Science In Society

Science In Society : An Introduction to Social Studies of Science

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The world around us is continually being shaped by science, and by society's relationship to it. In recent years sociologists have been increasingly preoccupied with the latter, and now in this fascinating book, Massimiano Bucchi provides a brief introduction to this topical issue.

Bucchi provides clear and unassuming summaries of all the major theoretical positions within the sociology of science, illustrated with many fascinating examples. Theories covered include Thomas Kuhn's theory of scientific change, the sociology of scientific knowledge, actor-network theory, and the social construction of technology. The second half of the book looks at recent public controversies over the role of science in the modern world including:

* the Sokal affair, otherwise known as the science wars
* debates over public understanding of science, such as global warming and genetically modified food
* the implications of the human genome project.

This much needed introduction to a rapidly growing area brings theory alive and will be essential reading for all students of the sociology of science.
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Product details

  • Hardback | 184 pages
  • 140 x 216mm
  • London, United Kingdom
  • English
  • New edition
  • 2nd New edition
  • 19 Line drawings, black and white
  • 1138945951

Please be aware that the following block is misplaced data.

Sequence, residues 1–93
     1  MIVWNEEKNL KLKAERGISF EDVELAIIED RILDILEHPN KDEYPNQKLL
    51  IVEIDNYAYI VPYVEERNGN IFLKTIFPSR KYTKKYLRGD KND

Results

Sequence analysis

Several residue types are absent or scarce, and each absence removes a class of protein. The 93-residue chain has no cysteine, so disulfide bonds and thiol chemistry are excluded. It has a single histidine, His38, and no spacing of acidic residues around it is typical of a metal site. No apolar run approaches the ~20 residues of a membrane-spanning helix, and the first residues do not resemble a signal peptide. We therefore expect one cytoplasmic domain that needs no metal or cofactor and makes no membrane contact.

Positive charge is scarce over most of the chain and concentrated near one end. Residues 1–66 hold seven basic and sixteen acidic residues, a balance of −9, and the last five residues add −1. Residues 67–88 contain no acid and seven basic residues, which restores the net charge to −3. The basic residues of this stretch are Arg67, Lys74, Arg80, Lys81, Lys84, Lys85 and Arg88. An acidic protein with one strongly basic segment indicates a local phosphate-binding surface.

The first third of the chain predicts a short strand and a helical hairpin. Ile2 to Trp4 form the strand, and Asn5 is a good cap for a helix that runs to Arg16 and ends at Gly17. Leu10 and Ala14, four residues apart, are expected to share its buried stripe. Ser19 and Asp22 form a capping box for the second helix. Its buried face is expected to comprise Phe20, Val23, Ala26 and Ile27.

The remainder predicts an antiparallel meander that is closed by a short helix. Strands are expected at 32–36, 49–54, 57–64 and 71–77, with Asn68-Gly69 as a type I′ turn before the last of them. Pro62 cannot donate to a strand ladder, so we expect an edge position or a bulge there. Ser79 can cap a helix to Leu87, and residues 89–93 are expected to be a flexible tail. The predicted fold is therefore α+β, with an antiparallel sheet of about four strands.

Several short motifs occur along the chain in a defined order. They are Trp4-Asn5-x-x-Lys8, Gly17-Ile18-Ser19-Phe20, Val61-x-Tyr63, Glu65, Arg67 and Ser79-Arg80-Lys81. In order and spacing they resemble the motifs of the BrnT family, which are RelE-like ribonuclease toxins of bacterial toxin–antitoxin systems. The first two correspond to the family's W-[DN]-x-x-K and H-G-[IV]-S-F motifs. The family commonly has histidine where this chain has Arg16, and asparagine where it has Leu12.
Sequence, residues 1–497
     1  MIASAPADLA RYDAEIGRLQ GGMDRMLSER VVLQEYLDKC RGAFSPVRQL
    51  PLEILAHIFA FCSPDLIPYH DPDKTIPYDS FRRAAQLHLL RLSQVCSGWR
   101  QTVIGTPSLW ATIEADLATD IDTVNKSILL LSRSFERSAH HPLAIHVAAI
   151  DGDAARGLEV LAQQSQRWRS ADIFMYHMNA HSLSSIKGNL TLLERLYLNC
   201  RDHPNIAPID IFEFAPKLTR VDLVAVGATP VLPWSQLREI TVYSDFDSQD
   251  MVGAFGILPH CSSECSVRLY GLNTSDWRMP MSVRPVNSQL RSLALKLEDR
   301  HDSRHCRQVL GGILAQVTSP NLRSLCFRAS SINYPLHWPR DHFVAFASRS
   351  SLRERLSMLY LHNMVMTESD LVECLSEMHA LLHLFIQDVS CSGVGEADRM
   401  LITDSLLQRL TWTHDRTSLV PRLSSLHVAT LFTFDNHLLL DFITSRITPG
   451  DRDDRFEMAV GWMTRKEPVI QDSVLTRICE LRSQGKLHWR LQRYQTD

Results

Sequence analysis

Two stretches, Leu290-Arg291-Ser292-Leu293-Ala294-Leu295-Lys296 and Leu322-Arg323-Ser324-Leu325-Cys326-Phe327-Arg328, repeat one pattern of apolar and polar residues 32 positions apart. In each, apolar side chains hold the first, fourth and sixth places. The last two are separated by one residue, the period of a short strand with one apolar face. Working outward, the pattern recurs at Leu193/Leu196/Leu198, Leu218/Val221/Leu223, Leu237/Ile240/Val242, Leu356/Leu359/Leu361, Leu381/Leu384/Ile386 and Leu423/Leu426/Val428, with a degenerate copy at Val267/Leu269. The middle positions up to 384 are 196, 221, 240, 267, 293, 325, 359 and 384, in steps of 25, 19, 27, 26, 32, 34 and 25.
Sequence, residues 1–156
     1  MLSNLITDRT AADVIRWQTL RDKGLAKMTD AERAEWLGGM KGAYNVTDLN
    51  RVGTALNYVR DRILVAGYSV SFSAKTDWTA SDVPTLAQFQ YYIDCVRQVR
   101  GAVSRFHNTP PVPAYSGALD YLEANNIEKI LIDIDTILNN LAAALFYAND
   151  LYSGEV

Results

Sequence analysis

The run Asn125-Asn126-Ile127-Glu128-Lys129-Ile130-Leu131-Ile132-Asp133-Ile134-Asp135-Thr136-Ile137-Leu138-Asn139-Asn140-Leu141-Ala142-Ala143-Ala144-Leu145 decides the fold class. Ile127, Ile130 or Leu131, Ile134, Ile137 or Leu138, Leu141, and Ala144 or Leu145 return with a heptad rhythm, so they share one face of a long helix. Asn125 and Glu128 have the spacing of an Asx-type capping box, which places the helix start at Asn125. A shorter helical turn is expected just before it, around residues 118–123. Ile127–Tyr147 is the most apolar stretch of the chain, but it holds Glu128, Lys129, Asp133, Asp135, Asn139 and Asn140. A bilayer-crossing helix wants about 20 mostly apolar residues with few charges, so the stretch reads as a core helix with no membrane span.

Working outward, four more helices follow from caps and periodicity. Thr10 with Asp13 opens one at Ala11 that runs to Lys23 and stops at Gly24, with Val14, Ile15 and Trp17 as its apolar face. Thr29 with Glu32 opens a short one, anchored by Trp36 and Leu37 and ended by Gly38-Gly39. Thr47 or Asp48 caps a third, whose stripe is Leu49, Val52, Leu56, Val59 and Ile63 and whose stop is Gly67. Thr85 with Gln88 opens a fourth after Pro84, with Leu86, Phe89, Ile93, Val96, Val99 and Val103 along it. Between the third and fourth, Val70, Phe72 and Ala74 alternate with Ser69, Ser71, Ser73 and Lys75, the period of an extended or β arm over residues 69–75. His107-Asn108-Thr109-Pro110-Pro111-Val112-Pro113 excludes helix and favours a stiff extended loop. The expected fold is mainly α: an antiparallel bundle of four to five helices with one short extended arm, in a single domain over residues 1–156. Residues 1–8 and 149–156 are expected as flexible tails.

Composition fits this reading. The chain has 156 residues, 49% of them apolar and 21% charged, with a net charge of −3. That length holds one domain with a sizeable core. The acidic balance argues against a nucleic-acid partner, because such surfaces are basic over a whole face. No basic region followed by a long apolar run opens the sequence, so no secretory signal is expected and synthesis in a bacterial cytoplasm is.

• 9781138945951

Table of contents

Introduction 1. The Development of Modern Science and the Birth of the Sociology of Science 1.1. From Little Science to Big Science 1.2. The Rise of the Sociology of Science 1.3. The `Matthew Effect' and the `41st Chair': Competition and inequality in science 2. Paradigms and Styles of Thought: A `social window' on science? 2.1. A Plant that Divides Botanists 2.2. Science and Revolutions 2.3. Why is the Cassowary not a Bird? 3. Is Mathematics Socially Shaped? The `strong programme' 3.1. The Planet that could be seen only from France 3.2. Is Mathematics Socially Shaped? 3.3. The Weaknesses of the Strong Programme 4. Inside The Laboratory 4.1. Experimental Demonstration of the Tomatotropic Organization in the Soprano 4.2. Inside the Controversy 4.3. Science as a Two-Faced Janus: The actor-network approach 5. Stirrups, Watches and Bycicles: The sociology of technology 5.1. The Importance of a Stirrup 5.2. The Watchmaker that Surprised Astronomers 5.3. A Mysterious Cyclist 5.4. Beyond Innovation: What really happened in Baghdad's sky? 6. Science Wars 6.1. Hoaxes and Experiments 6.2. Have we never been Sociologists of Science? 6.3. What Sociology of Science? 7. Communicating Science 7.1. The Traditional Conception of Public Communication of Science 7.2. A Scientifically Illiterate Public? 7.3. The Role of Scientists 7.4. Public Communication of Science as the Continuation of Scientific Debate by Other Means 7.5. Can Knowledge Be Transferred? 7.6. From Deficit to Dialogue, From Dialogue to Participation - and Next? 8. A New Science? 8.1. From the Laboratory to the Stock Exchange 8.2. The Dilemmas of Intellectual Property, Between Patents and Open Access 8.3. From Physics to Biology 8.4. A Mediatised Science 8.5. A Global and `Open' Science? 8.6. Can We Still Call it `Scientific Community'? 8.7. Science 2.0 in a Society 2.0?
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6 ratings
3.66 out of 5 stars
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3 50% (3)
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